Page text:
The Nizkor Project: Remembering the Holocaust (Shoah)

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Last-Modified: 1999/12/10

                                                  [Page 210]

EIGHTY-FIFTH DAYTUESDAY, 19TH MARCH, 1946DR. STAHMER
(counsel for defendant Goering): With the permission of the
Tribunal, I shall call as witness the civil engineer, Birger
Dahlerus of Stockholm.

(BIRGER DAHLERUS, a witness, took the stand.)

THE PRESIDENT:

Q. Will you state your name?

A. Birger Dahlerus.

Q. Will you repeat this oath after me:
I swear by God the Almighty and Omniscient that the evidence
I shall give shall be the truth, the whole truth, and
nothing but the truth, so help me God.

(The witness repeated the oath.)

THE PRESIDENT: You may sit down if you wish.

DIRECT EXAMINATION

DR. STAHMER:

Q. Mr. Dahlerus, would you please tell the Tribunal how you,
as a private individual and a Swedish citizen, came to work
for an understanding between England and Germany?

A. I knew England very well, since I had lived there for
twelve years, and I also knew Germany very well. I had been
able to observe the First World War from both sides, as I
stayed both in Germany and in England during that time.

During a visit to England at the end of June, 1939, I
travelled around a number of cities, Birmingham, Coventry,
Manchester and London, and I found everywhere an absolute
determination that the British should tolerate no further
aggressive acts on the part of Germany.

On 2nd July I met some friends in the Constitutional Club.
We discussed the current situation and they gave a pretty
clear picture of public opinion in Great Britain. As this
summary of public opinion in Great Britain was the basis for
my discussions afterward with Goering, I therefore think it
appropriate to cite it.

  "The outline of the conclusion obtained by observation of
  conditions in Great Britain and by conversations with
  people of the country:
  
  (a) Agreement that Berchtesgaden and Czechoslovakia have
  shaken confidence. That, immediately after Berchtesgaden,
  before Czechoslovakia was possibly in the position to
  accomplish by co-operation, many things already decided
  upon by Germany.
  
  (b) Public opinion in Great Britain now extremely bitter.
  It is resolved: So far and no farther.
  (c) Great Britain from now on has obligations which did
  not exist at time of Berchtesgaden meeting.
  
  Poland and Danzig: An attack on Danzig means war with
  Poland and Britain. Great Britain will be involved
  automatically as a consequence of its obligations. Hence,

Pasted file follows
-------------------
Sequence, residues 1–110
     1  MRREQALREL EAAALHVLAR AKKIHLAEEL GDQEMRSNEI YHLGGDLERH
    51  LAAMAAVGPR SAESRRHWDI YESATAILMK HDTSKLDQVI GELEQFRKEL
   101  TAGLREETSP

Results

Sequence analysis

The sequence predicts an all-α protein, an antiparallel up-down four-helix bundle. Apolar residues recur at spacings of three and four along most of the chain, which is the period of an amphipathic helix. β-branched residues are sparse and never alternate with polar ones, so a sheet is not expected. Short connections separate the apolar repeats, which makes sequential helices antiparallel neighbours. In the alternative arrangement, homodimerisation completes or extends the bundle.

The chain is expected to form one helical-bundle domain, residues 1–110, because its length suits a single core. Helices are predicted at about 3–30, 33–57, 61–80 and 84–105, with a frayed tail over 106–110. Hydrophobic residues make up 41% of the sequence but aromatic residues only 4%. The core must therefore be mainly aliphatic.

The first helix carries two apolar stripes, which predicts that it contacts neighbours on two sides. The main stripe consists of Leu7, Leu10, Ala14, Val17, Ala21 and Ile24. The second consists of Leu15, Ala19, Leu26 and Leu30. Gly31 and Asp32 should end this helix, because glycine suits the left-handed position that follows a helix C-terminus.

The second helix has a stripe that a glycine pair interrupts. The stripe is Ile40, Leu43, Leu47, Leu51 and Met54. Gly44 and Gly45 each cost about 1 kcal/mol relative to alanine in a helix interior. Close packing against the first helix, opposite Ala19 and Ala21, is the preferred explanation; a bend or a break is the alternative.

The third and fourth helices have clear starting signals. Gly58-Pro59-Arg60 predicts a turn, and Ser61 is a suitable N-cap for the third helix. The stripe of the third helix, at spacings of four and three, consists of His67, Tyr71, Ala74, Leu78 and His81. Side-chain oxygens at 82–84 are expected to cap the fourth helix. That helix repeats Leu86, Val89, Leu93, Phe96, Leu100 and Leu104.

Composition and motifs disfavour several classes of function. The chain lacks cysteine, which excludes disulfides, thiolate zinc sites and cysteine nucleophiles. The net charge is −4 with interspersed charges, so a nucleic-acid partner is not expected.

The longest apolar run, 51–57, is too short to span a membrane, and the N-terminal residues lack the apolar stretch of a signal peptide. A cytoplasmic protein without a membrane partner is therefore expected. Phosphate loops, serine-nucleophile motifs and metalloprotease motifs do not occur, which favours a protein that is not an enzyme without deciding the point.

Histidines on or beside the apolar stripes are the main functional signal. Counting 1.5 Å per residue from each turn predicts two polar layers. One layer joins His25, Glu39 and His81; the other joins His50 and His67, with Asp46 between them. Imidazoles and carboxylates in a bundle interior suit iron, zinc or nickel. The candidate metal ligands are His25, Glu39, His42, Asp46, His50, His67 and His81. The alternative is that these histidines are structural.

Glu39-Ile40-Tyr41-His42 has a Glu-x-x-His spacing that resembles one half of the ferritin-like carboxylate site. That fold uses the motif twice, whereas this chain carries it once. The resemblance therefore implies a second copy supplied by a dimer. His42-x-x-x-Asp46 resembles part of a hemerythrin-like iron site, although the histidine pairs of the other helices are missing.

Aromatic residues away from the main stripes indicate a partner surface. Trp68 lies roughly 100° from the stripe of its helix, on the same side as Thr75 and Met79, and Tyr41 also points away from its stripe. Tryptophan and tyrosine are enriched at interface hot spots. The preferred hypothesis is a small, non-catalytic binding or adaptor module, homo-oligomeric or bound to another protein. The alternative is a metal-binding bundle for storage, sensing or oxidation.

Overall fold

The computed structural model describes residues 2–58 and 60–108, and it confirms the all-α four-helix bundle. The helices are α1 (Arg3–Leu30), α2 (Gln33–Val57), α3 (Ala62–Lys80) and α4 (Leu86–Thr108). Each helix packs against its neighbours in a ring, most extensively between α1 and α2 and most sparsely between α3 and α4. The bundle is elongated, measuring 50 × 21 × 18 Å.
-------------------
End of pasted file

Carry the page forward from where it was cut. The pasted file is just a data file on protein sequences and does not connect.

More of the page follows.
automatically, war with Great Britain.
  (d) Great Britain does not make her strength known; this
  is not even known to the British public."

                                                  [Page 211]

Then follows Statement No. 2, about Lord Halifax's speech:

  "My personal observations indicate that England stands
  firmly behind its declarations. Lord Halifax
  underestimates England's situation, which is customary
  with the British; that is, he makes out the strength of
  Great Britain to be weaker than it actually is. Perhaps
  in Germany this is not fully realised.
  
  Point No. 3: England wants peace, but not peace at any
  price. The German people is entirely acceptable to the
  British, and there seems to be no good reason for an
  armed conflict. As previously, Germany will certainly be
  defeated again and will accomplish far less by war than
  by peaceful negotiation. England and her friends will
  likewise have to suffer much; possibly it will mean the
  end of civilisation."

Having observed that there was a disinclination in the Third
Reich to forward unfavourable reports, I felt both that it
was my duty and that it might be of great value if these
clear expressions of British opinion should be transmitted
to the highest quarters in Germany.

Q. Mr. Dahlerus, may I interrupt with a question? Were these
friends of yours Members of the British Parliament?

A. No, they were people from the business world, and if the
Tribunal desires, I can submit a list of the names.

Q. What were their names?

A. May I save time and submit the list of names to the
Tribunal?

THE PRESIDENT: Their names are not of any great importance,
are they, if they were people in the business world?

A. After having agreed with my friends on the advisability
of a trip to Germany, I left for Germany and received an
appointment with Goering for 6th July at 4 o'clock in the
afternoon, at Karinhall.

I told him what I had observed in England and strongly
emphasised the necessity of doing everything to avoid the
possibility of a war. Goering expressed doubt as to whether
these observations were perhaps an attempt by the English to
bluff. He likewise brought out that he was of the opinion
that England wanted to control developments on the
Continent.

I told him that I did not want him to accept statements of
mine, of a neutral citizen; and I suggested to him that a